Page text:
Out on South Bank road the Buffalo are starting to ‘beef up’, and they’re putting on their winter coats. And above, the geese are forming up and heading for warmer climes. The ditch grass has all turned brown and dry, it rattles in the wind and the sparrows and juncos are frantic to stuff themselves with as much grass seed as possible.
The bugs rule this time of year. I‘ve never lived in a place with more spiders, and in order for this many spiders to make a living you just know there have to be bugs, lots more bugs than spiders.
Right now I think the gnat population must be close to collapse. I’d show you the obligatory photo of a swirling cloud of gnats, but on my rides there’s no ‘cloud’, no beginning and end, more like the fog of gnats (B grade horror flick?). Breathing while exercising is a challenge for me these days, so I’ve been working on my “head down, mouth shut’ technique. (Time trialists of the world need not worry.)
The wind is cool on my arms but not cold, long sleeves are not needed as long as the sun has not gone down. And of course there is my ubiquitous ride pal, the on-shore flow through the Chehalis gap. This wind helps me get a little better training effect headed out to Elma, but as the sun sinks low over the black hills, I am rewarded with a gentle push home, it’s a fair trade.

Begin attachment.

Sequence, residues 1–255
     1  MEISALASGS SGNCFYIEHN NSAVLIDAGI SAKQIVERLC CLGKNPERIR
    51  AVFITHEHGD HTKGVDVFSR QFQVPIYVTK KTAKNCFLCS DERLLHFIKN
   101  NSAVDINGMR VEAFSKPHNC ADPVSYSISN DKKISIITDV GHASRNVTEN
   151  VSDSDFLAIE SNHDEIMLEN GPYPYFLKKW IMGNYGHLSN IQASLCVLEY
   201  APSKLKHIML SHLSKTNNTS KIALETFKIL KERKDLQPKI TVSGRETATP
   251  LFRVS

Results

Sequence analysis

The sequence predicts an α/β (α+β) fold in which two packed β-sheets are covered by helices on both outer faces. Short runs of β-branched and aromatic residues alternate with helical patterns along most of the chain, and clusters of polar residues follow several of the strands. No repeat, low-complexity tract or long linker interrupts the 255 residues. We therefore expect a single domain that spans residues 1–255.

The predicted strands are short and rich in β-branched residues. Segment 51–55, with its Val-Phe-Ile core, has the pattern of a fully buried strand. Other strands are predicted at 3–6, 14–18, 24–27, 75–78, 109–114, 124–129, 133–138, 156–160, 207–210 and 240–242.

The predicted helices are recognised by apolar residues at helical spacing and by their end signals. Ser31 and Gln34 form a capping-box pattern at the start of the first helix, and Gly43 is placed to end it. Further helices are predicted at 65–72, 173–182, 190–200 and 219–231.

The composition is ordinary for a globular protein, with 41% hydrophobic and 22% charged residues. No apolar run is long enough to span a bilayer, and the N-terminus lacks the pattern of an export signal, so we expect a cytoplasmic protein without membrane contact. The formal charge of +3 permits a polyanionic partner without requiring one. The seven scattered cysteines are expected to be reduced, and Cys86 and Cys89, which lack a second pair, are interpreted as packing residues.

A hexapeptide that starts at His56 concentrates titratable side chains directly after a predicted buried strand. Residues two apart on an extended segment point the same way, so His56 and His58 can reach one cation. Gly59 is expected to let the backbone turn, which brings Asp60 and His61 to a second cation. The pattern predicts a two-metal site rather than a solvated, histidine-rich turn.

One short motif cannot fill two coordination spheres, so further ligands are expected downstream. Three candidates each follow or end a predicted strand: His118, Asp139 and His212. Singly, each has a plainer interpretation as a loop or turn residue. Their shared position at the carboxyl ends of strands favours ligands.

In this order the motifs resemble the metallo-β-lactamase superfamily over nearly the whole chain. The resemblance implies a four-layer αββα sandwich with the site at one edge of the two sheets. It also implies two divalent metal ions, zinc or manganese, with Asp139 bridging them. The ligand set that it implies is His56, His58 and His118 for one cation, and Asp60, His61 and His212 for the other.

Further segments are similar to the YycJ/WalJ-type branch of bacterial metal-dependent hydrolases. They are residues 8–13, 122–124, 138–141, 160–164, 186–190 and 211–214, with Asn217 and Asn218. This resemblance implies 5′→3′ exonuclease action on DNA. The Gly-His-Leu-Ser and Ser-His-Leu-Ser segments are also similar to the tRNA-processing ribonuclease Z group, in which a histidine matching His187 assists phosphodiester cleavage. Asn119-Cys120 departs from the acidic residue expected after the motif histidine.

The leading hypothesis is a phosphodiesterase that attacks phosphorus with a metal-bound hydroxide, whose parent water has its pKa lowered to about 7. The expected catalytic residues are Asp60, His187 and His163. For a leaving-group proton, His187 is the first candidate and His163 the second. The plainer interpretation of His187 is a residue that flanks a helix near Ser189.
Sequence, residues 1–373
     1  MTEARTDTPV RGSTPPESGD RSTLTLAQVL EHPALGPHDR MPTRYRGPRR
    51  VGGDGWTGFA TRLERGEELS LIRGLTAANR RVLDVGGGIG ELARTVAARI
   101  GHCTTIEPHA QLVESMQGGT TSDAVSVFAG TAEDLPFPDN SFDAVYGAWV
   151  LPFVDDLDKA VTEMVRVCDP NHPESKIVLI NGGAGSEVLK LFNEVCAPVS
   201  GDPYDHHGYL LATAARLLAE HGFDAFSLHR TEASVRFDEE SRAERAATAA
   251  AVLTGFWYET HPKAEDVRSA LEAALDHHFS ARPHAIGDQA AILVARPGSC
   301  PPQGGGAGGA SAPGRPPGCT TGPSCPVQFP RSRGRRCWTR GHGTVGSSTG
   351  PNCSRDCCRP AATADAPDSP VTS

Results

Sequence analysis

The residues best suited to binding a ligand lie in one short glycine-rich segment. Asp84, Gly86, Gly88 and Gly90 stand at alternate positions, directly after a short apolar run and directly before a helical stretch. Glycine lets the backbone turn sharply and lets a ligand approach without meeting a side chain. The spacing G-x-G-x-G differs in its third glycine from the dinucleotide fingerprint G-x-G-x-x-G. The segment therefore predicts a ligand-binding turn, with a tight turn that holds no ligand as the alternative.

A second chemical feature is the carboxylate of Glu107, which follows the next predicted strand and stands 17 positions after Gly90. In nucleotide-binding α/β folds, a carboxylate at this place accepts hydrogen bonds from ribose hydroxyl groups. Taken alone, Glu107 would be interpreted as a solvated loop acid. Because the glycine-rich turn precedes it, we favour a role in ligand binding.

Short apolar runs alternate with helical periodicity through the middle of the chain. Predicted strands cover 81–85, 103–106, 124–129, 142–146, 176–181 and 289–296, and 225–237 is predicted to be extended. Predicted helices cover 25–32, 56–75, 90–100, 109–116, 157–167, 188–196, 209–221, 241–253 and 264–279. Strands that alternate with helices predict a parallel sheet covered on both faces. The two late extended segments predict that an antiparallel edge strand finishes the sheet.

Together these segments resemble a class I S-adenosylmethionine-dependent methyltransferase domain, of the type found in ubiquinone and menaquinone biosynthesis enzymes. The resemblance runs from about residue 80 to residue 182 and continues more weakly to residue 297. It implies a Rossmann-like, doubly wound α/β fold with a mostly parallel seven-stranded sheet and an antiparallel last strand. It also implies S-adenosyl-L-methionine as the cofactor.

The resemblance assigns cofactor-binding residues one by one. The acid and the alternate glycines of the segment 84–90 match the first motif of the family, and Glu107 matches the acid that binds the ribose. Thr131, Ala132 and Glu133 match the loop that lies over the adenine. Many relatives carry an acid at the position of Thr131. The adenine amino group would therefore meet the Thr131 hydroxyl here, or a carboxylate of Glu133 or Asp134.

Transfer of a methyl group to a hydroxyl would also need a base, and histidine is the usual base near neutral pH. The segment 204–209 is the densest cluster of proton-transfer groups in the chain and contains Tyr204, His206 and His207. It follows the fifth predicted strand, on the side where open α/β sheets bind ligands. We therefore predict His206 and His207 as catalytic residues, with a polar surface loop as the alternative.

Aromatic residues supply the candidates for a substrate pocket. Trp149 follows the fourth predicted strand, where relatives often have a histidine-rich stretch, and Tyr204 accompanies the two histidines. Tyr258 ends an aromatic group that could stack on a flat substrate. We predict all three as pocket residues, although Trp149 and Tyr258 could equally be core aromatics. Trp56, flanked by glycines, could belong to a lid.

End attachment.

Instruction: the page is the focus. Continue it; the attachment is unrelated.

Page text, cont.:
In a few weeks things will all change: Riding will be as much about preparing as about riding. Getting the layers right, the right booties, the right gloves, enough zip loc bags to protect all that can’t handle a good soaking. And then when you’ve had enough, there will be the stripping off of all the wet gritty clothes that can’t come in the house. I wonder how many cyclists have an ‘undressing’ room in the garage where the gritty stuff gets left in a sloppy pile till after the shower and the clean dry clothes?
But that’s a post for another day. For now, we are reaping the benefits of living in one of the prettiest parts of the worlds, at what could reasonably be considered it’s prettiest time.
Oh yes, how could I forget the other great things about this time of year:
More tomatoes than you can eat,
The last of the baby crooknecks,
The peas that didn't get picked,